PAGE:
Brady Folkens developed symptoms and was seen by on-site medical staff before being taken to the Custer Regional Hospital on Dec 21. After being placed in the care of the Custer Regional Hospital, the decision was made to airlift Brady to Sioux Falls so that he could be seen by a specialist. Brady passed away Saturday night at a Sioux Falls hospital.

The family was notified and was present at the hospital at the time Brady died.

Per Department of Corrections (DOC) policy, the Juvenile Corrections Monitor (JCM) was also notified of the death. The JCM serves as an independent advocate for the youth placed at STAR Academy.

An autopsy will be conducted. The DOC has requested that the South Dakota Division of Criminal Investigation investigate the death, which is standard procedure for all deaths that occur while someone is in DOC custody.

There is no indication at this time that any of STAR Academy’s youth or staff members need any special medical treatment as a result of this illness. However, test results are still pending regarding the cause of his illness and if further follow-up is indicated appropriate measures will be taken.

Brady’s name is being released with the approval of his family.

STAR Academy is home to the state-run juvenile corrections programs. The Patrick Henry Brady Academy and Youth Challenge Center programs for males are located on the main campus south of Custer, while programs for female offenders are located in Custer State Park. The youth that are served by STAR Academy have all been placed in the custody of the DOC by the court system [South Dakota Department of Corrections, press release, 2013.12.22].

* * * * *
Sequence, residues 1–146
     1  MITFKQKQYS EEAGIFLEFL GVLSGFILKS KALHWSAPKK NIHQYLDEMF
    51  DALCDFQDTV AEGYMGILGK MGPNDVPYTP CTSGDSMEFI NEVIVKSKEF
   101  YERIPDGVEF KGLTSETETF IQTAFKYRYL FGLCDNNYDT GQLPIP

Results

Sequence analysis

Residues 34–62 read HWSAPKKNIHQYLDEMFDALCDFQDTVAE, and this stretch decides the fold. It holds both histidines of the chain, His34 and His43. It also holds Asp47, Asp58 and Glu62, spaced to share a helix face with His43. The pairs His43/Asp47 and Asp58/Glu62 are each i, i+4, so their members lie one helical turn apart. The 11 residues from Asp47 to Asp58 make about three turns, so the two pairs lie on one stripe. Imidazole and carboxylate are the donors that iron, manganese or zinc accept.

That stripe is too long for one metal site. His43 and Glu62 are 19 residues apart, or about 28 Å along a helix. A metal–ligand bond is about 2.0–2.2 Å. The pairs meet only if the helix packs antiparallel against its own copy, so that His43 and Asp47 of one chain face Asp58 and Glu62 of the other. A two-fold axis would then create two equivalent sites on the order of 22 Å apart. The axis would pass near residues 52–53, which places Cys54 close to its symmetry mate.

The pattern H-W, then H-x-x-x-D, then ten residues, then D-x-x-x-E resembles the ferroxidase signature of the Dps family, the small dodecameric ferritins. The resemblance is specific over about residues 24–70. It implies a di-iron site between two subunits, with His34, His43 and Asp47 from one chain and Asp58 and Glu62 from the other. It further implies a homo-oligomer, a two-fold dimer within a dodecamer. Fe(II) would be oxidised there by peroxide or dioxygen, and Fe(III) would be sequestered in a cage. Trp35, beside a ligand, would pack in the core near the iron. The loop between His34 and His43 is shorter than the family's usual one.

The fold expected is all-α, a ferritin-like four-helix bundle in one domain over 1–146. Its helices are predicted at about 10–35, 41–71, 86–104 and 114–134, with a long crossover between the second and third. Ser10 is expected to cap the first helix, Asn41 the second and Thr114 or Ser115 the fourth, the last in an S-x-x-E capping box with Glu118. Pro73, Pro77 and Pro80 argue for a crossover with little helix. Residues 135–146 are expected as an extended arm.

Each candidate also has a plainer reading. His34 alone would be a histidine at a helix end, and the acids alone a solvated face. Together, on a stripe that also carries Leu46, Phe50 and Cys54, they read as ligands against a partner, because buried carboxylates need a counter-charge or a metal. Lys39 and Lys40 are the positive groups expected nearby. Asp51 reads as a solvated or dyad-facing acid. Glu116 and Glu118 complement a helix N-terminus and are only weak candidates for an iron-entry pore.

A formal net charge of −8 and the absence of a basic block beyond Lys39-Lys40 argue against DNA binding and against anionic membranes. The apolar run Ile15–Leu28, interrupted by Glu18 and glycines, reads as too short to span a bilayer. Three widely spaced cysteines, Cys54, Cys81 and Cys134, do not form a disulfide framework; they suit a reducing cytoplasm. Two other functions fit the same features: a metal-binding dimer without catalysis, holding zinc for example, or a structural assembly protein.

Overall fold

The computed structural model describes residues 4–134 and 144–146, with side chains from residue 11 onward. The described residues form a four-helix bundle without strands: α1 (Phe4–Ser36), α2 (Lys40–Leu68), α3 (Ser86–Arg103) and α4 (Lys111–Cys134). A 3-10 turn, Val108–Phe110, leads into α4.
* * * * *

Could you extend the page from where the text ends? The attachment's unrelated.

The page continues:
DOC issued this statement on the autopsy in February:

A death certificate shows a 17-year-old resident of the State Treatment and Rehabilitation (STAR) Academy in Custer died from lymphocytic myocarditis associated with Parvovirus B19.

Brady Folkens developed symptoms and was seen by on-site medical staff before being taken to the Custer Regional Hospital on Dec 21. After being placed in the care of the Custer Regional Hospital, the decision was made to airlift Brady to Sioux Falls so that he could be seen by a specialist. Brady passed away that night at a Sioux Falls hospital.

Parvovirus B19 is a common viral infection in children also known as erythema infectiosum or Fifth disease. This has been called Fifth disease because it is one of five common viral rash illnesses in children, along with measles, rubella, chicken pox and roseola. This infection is usually associated with runny nose and fever (most often thought of as a common cold) and then often followed by a bright red rash of the cheeks. There is no treatment for this virus and symptoms usually resolve spontaneously. However, when the infection invades the cells of the heart it can cause muscle dysfunction in the heart.